Tell us about you got into the Recruiting business. Back in 1998 I ran into an old friend at a golf course that I hadn’t seen in years. I asked him what he was up to. He said that he was a recruiter. My response was, “for the Army and Navy?” I did not know anyone that was a recruiter. He told me that he worked for a company that placed people at Tech companies in the Silicon Valley. He said that he really liked it and was making great money.
As a Content Strategist, what do you believe brands should do to drive personalization in their digital marketing efforts? The single greatest challenge facing retailers and brands today is to create the volumes of content that is needed to power true personalization. Until now, product recommendations have pretty much defined personalization but consumers are savvy enough to know that these are automated and based on product variables—not on whether they meet the customer’s actual needs.
Epicor Software Corporation, a global provider of industry-specific enterprise software to promote business growth, announced the appointment of transformational technology marketing leader Colleen Langevin as the Chief Marketing Officer reporting directly to Epicor CEO Steve Murphy. “We are thrilled to have a marketing executive of Colleen’s caliber join the leadership team,” said Murphy.
Muck Rack makes it simple to find people, tweets, or articles that mention any name, keyword, company, hashtag etc. We've compiled this guide to help you make the most of your search.
Selecting a term
Start searching tweets, articles from media outlets, articles mentioned in tweets, journalists'
names, titles and bios with some suggested searches:
Companies or Topics (e.g. iPhone, Microsoft)
Phrases (e.g. "cloud computing") — use quotes to keep the terms together
Twitter handles (e.g. @username) — returns those who have mentioned or replied to
Names (e.g. "David Pogue")
Hashtags (e.g. #sxsw, #london2012)
Bio details (e.g. vegan, Olympics, father)
Muck Rack's Advanced Search allows for many boolean operators.
Find results that mention multiple specified terms, use AND or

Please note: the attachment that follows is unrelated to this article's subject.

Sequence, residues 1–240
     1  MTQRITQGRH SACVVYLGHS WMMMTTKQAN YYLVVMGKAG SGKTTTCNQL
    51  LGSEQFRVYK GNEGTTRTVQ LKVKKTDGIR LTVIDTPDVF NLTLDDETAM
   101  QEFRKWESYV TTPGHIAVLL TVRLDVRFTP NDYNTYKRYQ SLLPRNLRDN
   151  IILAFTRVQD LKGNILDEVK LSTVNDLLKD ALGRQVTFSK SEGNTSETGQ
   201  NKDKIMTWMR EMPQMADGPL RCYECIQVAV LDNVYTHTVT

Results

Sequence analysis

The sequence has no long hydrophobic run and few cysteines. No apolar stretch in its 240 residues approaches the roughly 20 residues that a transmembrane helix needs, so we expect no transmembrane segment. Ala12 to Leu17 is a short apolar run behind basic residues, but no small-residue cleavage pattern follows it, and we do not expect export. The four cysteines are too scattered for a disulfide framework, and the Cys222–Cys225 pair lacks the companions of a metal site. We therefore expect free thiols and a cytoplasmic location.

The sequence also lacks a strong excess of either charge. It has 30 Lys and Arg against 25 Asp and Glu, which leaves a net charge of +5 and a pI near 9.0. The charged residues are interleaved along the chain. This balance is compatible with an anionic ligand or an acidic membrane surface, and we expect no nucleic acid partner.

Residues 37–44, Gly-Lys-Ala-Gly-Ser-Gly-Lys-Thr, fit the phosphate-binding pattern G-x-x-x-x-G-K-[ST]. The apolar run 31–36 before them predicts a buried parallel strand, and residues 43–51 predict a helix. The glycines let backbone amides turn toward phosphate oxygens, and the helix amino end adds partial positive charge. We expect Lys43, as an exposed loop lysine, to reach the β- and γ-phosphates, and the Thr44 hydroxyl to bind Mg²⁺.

+. For example, ensure each result contains both Elon Musk and Mark Zuckerberg by
searching Musk AND Zuckerberg or Musk + Zuckerberg.
Use the operators OR or , to broaden your search when you'd like either of
multiple terms to appear in results. (This is the default behavior of our search when no operators
are used). For example, results will contain either cake or cookie by searching cake OR cookie or cake,cookie
Use NOT or - to subtract results from your search. For
example, searching Disney will yield results about the Walt Disney Company as well as Walt Disney
World Resort. To exclude mentions of Disney World, search for Disney -World or Disney
When using one of these operators with a phrase, enclose it in quotation marks. For example, you can
find results about smartphones excluding Apple's iPhone 4S by searching smartphone -"iPhone
Exact case matching or punctuation
If you're searching for a brand name or keyword that relies on specific punctuation marks or capitalization, you can
find results that match your exact query by adding matchcase: before the keyword you're searching for, like matchcase:E*TRADE .
Use parentheses to separate multiple
boolean phrases. For example, to find journalists talking about having fun in Disney World or
Disneyland, search for ("disney world" OR disneyland) AND fun.
An asterisk can be used to search for any variation of a root word truncated by the asterisk. For example, searching for admin* will return results for administrator, administration, administer, administered, etc.
A near operator is an AND operator where you can control the distance between the words. You can vary the distance the near operation uses by adding a forward slash and number (between 0-99) such as strawberries NEAR/10 "whipped cream", which means the strawberries must exist within 10 words of "whipped cream".